Society’s Books of Note
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Chris Stokel-Walker, YouTubers:How YouTube Shook Up TV and Created a New Generation of Stars. Kingston upon Thames, Surrey, United Kingdom, 2019. $30.00. 271 pp.
Two billion people watch YouTube. Yet stars such as KSI and PewDiePie remain a mystery to many. What is the secret of their appeal? How do they cope with being in front of the lens? And who is behind them? Journalist Chris Stokel-Walker explains how YouTube rose from showing a single home video to a multi-billion-dollar site bigger than Facebook. And he reveals whether vlogging will replace normal TV.
This study of contemporary Russians in search of ways to achieve immortality profiles a diverse cast of characters, from the owners of a small cryonics outfit to scientists inaugurating the field of biogerontology, from grassroots neurotech enthusiasts to believers in the Cosmist ideas of the Russian Orthodox thinker Nikolai Fedorov. Bernstein puts their debates and polemics in the context of a long history of immortalist thought in Russia, with global implications that reach to Silicon Valley and beyond.
Tod G. Hamilton, Immigration and the Remaking of Black America. New York: Russell Sage Foundation, 2019. $35.00. 287 pp.
Over the last four decades, immigration from the Caribbean and sub-Saharan Africa to the U. S. has increased rapidly. In several states, African immigrants are now the primary drivers of growth in the black population. While social scientists and commentators have noted that these black immigrants’ social and economic outcomes often differ from those of their native-born counterparts, few studies have carefully analyzed the mechanisms that produce these disparities. This book shows how immigration is reshaping black America.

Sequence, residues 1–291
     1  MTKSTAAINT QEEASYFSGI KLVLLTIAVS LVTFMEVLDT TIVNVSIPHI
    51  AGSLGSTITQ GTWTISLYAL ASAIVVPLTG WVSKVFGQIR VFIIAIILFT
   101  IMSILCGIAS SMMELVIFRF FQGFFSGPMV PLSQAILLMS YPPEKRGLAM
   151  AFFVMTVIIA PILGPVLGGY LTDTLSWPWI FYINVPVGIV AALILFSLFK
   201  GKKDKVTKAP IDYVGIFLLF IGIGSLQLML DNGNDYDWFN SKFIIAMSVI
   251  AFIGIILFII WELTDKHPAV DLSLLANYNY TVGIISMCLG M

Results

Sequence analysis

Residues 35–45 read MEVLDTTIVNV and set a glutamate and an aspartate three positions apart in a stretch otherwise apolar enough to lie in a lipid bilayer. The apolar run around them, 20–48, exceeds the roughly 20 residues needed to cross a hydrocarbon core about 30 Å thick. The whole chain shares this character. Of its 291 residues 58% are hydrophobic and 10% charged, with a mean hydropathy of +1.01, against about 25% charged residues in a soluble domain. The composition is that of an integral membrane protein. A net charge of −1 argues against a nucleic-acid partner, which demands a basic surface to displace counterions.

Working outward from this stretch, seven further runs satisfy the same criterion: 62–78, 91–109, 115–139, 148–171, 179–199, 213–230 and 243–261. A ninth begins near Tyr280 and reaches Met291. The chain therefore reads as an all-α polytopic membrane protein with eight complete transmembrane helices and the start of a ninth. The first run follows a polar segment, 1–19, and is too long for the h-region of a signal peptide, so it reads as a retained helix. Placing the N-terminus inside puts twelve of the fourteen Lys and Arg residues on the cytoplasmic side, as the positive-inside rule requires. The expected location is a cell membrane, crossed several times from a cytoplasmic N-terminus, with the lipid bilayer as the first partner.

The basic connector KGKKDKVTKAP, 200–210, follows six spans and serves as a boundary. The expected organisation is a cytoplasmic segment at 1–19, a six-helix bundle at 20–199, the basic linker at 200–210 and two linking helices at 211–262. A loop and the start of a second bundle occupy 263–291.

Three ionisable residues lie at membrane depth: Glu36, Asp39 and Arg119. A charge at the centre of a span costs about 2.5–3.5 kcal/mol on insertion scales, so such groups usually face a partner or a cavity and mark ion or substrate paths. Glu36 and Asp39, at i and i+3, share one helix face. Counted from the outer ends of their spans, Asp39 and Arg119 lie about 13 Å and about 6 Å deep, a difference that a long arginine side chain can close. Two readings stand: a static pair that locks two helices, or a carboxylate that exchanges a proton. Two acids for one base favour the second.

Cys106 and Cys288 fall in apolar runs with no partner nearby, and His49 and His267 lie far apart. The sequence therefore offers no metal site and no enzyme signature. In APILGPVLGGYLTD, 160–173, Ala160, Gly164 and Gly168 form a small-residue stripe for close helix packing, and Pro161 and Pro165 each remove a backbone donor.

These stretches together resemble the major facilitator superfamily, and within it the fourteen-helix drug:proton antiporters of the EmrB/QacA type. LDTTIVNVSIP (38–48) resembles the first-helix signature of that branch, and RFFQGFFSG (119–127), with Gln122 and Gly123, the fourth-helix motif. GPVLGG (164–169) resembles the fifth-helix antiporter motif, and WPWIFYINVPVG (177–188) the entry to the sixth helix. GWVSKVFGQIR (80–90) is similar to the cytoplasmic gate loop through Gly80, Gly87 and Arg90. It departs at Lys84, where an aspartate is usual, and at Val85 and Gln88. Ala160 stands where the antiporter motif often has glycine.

Paul Dragos Aligica, Peter J. Boettke, and Vlad Tarko, Public Governance and the Classical-Liberal Perspective. New York: Oxford University Press, 2019. $74.00. 267 pp.
Classical liberalism entails not only a theory about the scope of government and its relationship with the market but also a distinct view about how government should operate within its proper domain of public choices in non-market settings. Building on the political economy principles underpinning the works of diverse authors such as Friedrich Hayek, James Buchanan and Vincent and Elinor Ostrom, the authors argue that individualism, freedom of choice, and freedom of association have deep implications on the design, management and assessment of our public governance.
Elizabeth S. Amato, The Pursuit of Happiness and the American Regime: Political Theory in Literature. Lanham, MD: Lexington Books, 2018. $90.00. 189 pp.
The Declaration of Independence claims that individuals need liberty to pursue happiness but provides little guidance on the “what” of happiness. Happiness studies and liberal theory are incomplete guides. Amato argues that American novelists are surer guides on the pursuit of happiness. Treated as political thinkers, her book offers a close reading of four American novelists, Tom Wolfe, Walker Percy, Edith Wharton, and Nathaniel Hawthorne, and their critique of the pursuit of happiness.